BIZET: Carmen (complete opera)

by | Jul 15, 2011 | DVD & Blu-ray Video Reviews | 0 comments

BIZET: Carmen (complete opera) 

Conductor: John Eliot Gardiner
Cast: Anna Caterina Antonacci (Carmen)/ Andrew Richards (Don Jose)/ Anne-Catherine Gillet (Micaela)/ Nicolas Cavallier (Escamilo)
The Monteverdi Choir /Orchestre Revolutionnaire et Romantique
Director: Adrian Noble

Studio: Fra Musica 004, 2009, (2 DVDs) [Distr. by Naxos]

Video: 16:9 Color

Audio: DTS 5.1, Dolby Digital 2.0
Subtitles: English, French, Spanish, Italian, German

Extras: Interview with John Eliot Gardiner, Jerome Deschamps, and Agnes Terrier (21 minutes) 

Length: 170 minutes (opera only)
Rating: ***1/2

It doesn’t get much more authentic than this—instruments used in Bizet’s time played in the theater that produced Carmen and using sets and costumes very much like the originals. Add a very good heroine and a conductor who can do no wrong, and you would seem to have the perfect production, right?


The story of the great seducer and seductress, a woman who can have her way with any man she wants, even to the point of driving him to murder, is something that we today have a tough time relating to in terms of period personification. Carmen seems tame here—a day and age (ours) that has seen it all in terms of sexuality, and actually does see it all day in and day out, needs a lot of convincing in this department if there is to be any credibility and audience connection. Anna Caterina Antonacci is a curvaceous and very sexy woman who does a fine if not earth-shattering job with this role, and we come away not doubting a moment that the boys of Seville would have gone wild over her antics and looks—but we don’t. There is simply no more seduction than one would see in a middle school these days, though I realize that is a sad commentary. The role needs to be juiced up—Julia Migenes did it well from an acting standpoint—in order to make it convincing to modern audiences. And while I did enjoy her singing, I felt that this production, rather monochromatic in color style, lacked the requisite “sizzle” to make it sell.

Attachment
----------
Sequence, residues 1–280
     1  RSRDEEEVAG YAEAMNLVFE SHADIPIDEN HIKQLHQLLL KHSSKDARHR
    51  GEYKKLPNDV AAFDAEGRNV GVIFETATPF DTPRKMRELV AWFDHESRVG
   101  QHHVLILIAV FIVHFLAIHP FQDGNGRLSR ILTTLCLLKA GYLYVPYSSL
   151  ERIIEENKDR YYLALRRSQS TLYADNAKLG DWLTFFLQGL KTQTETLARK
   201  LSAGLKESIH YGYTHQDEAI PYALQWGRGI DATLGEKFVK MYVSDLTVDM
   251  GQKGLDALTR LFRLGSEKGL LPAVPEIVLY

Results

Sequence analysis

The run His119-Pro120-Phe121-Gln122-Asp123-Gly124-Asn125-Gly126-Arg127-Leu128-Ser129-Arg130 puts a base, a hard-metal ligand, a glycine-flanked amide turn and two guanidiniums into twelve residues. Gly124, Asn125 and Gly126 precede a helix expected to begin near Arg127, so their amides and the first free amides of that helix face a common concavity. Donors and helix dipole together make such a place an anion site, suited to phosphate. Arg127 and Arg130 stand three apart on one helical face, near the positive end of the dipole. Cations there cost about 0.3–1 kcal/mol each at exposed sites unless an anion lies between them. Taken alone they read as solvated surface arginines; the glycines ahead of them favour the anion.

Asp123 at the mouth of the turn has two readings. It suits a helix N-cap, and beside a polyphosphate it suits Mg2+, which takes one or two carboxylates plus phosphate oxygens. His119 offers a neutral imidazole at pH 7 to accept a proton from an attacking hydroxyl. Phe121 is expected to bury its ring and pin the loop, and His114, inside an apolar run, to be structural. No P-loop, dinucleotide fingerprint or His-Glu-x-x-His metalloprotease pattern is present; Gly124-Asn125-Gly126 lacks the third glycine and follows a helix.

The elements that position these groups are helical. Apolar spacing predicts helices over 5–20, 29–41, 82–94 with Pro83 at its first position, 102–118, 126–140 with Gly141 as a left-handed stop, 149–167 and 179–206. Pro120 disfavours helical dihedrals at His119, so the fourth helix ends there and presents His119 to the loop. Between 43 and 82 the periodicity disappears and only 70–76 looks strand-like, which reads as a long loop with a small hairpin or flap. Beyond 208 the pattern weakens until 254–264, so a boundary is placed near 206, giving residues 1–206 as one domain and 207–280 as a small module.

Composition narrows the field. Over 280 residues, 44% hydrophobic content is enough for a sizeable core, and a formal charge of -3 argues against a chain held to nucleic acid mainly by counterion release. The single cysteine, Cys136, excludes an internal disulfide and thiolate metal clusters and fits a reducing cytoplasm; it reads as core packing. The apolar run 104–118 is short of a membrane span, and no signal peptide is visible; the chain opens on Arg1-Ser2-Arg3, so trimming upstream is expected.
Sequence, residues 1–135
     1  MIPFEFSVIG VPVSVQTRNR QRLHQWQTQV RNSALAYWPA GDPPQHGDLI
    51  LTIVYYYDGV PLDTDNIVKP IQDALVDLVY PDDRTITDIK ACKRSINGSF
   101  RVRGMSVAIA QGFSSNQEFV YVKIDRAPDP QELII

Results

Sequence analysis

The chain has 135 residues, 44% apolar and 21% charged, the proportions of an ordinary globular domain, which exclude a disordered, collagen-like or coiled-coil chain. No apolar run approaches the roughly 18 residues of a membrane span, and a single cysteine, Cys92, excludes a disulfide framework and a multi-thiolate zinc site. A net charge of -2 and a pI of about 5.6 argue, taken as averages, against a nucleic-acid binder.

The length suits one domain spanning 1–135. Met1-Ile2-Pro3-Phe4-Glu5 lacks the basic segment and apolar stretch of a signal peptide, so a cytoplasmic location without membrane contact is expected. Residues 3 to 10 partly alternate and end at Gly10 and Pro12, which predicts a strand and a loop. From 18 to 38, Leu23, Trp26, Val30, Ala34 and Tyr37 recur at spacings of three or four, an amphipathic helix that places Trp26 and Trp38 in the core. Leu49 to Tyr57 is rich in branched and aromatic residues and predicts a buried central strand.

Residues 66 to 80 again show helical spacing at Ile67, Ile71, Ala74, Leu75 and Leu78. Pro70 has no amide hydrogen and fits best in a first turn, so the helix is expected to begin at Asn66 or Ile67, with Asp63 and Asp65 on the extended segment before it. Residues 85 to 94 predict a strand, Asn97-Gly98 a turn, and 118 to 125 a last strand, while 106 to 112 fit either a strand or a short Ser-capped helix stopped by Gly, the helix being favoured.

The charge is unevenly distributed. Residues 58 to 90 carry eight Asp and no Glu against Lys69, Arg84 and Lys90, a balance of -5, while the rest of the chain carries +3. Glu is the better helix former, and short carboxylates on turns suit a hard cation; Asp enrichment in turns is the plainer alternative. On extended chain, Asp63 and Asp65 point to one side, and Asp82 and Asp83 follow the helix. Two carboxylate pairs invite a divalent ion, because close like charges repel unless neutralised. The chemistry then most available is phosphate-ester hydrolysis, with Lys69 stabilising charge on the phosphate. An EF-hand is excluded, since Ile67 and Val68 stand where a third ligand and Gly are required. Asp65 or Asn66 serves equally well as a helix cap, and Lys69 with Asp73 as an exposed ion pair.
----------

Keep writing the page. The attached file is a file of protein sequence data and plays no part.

But there is a further issue as well—the Don Jose of Andrew Richards is one of the most wimpy, pathetic whiners I have ever seen in this role. There is simply nothing heroic, sexy, or the least attractive about his portrayal of the lovesick soldier who at least has enough charisma to momentarily capture Carmen’s affection, though ultimately as the femme fatale she is, no one will ever have her. Don Jose has to at least be able to muster forth some degree of sex appeal, and this one has none. Richard’s singing is rather lackluster also, losing any sense of vocal beauty in his hijacked attempt to act his way into the role instead of vocalizing it—always a failure in any opera. I was intrigued for the first act, but by the end I was on Carmen’s side completely and almost couldn’t wait for the end.

This is not to say it is a bad production. Overall the other singers and choristers are excellent and give their all in this rather historical setting, and the orchestra plays like madmen in this music, Gardiner particularly adept at getting just what he needs from them. The sound is terrific and the visual image first class. This is still recommendable, and would have been four stars with a different Don Jose. A separate DVD with interviews rounds out a very fine production package.

— Steven Ritter

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